P.S. those were the only two tickets i ever got and both resulted in the same situation

posted on Apr, 24 2012 @ 10:55 AM
This has happened to me. It was a wife's hospital bill for less than $300. The way Utah gets you into debtors prison is to take the debt to court where if you don't show up, there is a warrant issued. The problem is the collection agency had the incorrect information and I never knew the bill was out there.

Fortunately I had a friend in the Sheriff's department who told me about the warrant. He thought that it BS as well. I went down the next day to pay my fine and amazingly it was the exact amount owed to this collection agency. I don't agree with our government entities being the enforcers for private businesses.
edit on 24-4-2012 by ObservingTheWorld because: missin' words

posted on Apr, 24 2012 @ 11:01 AM
well then if not jail, what is the incentive to pay?

"gee nothing will happen to me if I don't pay... so I WON'T pay!"

if people know they'll go to jail, they will do everything they can to pay off a debt THEY took VOLUNTARILY...

posted on Apr, 24 2012 @ 11:42 AM

off-topic post removed to prevent thread-drift


posted on Apr, 24 2012 @ 11:45 AM

off-topic post removed to prevent thread-drift


posted on Apr, 24 2012 @ 11:47 AM
reply to post by Magnum007

That was the thinking in 1600 too. I thought we'd evolved past that.
You ended up with a system of indentured servants and slavery.

That's obviously what some people that think money is more important than people still think.

posted on Apr, 24 2012 @ 11:56 AM
When states first started locking people up for child support I knew it was only a matter of time before "case law" would be used to uphold incarceration for other debts.

I have a brother in FL that has dealt with the tyrannical courts over issues of debt and I can say at least from his experience the courts are as totalitarian as it gets. He was in a horrendous auto accident 4 years ago and couldn't work for almost 2 years, had multiple surgeries on his neck, back, and legs. He fell behind on child support due to his injuries and do you think the courts cared.........Hell No!

Cops showed up at his house to arrest him while he was in the hospital recovering from surgery the day before. When he did turn himself in and went to court the judge told him that there were plenty of things he could do to make money, even with a neck halo on!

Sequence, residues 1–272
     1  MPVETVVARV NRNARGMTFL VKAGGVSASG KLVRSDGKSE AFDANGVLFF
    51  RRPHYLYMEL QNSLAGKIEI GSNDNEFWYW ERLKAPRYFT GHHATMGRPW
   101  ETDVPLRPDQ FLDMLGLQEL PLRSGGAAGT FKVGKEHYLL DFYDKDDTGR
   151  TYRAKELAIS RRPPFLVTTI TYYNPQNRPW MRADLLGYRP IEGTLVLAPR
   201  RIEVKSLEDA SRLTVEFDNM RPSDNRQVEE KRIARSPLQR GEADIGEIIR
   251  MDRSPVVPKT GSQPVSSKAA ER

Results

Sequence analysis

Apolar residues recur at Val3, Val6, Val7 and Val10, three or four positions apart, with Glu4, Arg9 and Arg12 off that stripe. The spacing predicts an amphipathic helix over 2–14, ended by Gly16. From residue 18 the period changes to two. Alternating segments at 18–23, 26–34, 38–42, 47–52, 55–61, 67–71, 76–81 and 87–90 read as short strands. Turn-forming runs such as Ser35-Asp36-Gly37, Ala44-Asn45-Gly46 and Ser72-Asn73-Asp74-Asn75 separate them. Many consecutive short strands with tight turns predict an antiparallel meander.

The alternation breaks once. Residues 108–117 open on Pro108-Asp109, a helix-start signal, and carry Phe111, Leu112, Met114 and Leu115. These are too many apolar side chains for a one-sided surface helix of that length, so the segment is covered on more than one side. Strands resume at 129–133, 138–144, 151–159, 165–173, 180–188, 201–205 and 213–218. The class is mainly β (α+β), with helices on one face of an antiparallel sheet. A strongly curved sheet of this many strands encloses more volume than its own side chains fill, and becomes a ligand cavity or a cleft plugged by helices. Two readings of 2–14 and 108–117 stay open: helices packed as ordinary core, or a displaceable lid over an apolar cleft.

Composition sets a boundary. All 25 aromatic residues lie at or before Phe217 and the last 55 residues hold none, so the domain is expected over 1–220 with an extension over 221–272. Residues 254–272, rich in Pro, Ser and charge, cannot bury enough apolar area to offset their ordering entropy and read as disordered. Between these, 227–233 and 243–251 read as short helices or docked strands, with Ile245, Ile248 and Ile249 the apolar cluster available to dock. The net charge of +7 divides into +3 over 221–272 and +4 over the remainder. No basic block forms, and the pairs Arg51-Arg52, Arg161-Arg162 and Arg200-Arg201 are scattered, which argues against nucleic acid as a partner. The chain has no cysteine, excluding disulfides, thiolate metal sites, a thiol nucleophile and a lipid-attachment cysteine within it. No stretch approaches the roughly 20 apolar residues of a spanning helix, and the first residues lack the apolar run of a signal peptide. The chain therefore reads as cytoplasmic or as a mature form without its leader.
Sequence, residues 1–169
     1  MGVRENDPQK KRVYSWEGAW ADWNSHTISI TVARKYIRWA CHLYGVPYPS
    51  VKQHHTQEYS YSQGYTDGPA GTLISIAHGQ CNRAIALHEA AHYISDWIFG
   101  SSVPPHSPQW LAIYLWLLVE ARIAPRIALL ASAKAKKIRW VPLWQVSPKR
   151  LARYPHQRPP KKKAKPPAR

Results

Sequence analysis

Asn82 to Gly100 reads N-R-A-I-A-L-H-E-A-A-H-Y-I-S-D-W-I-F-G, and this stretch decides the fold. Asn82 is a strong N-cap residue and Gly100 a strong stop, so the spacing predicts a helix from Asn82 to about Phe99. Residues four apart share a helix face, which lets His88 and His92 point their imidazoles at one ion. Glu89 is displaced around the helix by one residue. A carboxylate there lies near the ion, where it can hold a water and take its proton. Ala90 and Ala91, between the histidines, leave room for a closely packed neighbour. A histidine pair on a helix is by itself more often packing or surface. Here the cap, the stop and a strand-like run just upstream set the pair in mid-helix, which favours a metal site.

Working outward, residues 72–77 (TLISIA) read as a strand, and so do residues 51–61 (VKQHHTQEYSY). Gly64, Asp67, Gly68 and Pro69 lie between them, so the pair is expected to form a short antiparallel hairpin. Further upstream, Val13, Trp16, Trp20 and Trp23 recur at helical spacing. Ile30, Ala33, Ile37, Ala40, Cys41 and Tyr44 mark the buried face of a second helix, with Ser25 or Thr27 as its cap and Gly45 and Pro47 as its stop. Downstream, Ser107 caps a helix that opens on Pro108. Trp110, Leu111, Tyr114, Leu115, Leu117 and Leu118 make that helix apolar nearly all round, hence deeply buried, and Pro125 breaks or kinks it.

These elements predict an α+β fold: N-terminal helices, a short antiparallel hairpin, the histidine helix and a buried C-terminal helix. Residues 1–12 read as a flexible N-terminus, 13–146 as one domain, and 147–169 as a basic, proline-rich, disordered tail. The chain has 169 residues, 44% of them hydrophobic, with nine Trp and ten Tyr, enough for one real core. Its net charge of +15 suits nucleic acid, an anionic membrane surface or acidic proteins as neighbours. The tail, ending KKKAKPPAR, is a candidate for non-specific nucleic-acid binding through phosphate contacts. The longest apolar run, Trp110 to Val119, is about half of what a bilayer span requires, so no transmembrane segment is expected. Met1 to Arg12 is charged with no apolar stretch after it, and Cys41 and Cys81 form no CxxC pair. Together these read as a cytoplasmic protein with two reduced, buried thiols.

When he questioned his right from debtors prison under the debtors prison clause of the constitution the judge said that he wasn't being incarcerated for owing a debt but rather for not paying support as ordered. WHAT!!!!!!! isn't that the same thing?

He eventually got it straightened out to a degree but not before the state took his drivers license, occupational license, and threw him in jail numerous times.

The sad thing about the whole deal is plenty of attornies stated that what the state did was wrong but he is unable to sue them because since the courts were acting "within the law" they have sovereign immunity.

My father was 89 when he died 4 years ago and he served 37 years in the U.S.N. and retired a rear admiral. He told me and my 4 brothers shortly before he died that very soon we would see America turned into the fascist state that so many died to defeat in WWII.

It seems that he was right and now we are moving that direction at Mach 20.

If our founders were alive today they would be labeled domestic terrorists and extremists. In reality the domestic terrorists and extremists are packed in at 1600 Pennsylvania Avenue and the halls of Congress.

posted on Apr, 24 2012 @ 12:04 PM
reply to post by Magnum007

The system of Credit in the country works of the credit score, that is your incentive to pay, your credit "worthiness" Its a carrot before a stick.

Which is funny cause the Carrot being your ability to get into even more debt, and the stick being more interest and fines (more debt)

Wow, so let me get this straight, my incentive is getting into more debt, and my disincentive is more debt...

So now that people are becoming aware of this, and the economy is so bad we will see more of this type of action against none payers.

Id suggest everyone read up on their Statue of Limitation laws, I believe in CA after 4 years with no court case the debtor has no obligation to pay, it will only effect their credit rating.

Yeah Id say the whole system needs to be reworked.

posted on Apr, 24 2012 @ 12:19 PM
reply to post by ArchPlayer

Yes it is alarming that this is happening, however i rarely hear a case where the cops come after someone in my state for that. This usually happens to people who commit larceny over and over and over and never pay a dime on anything but are just career debtors.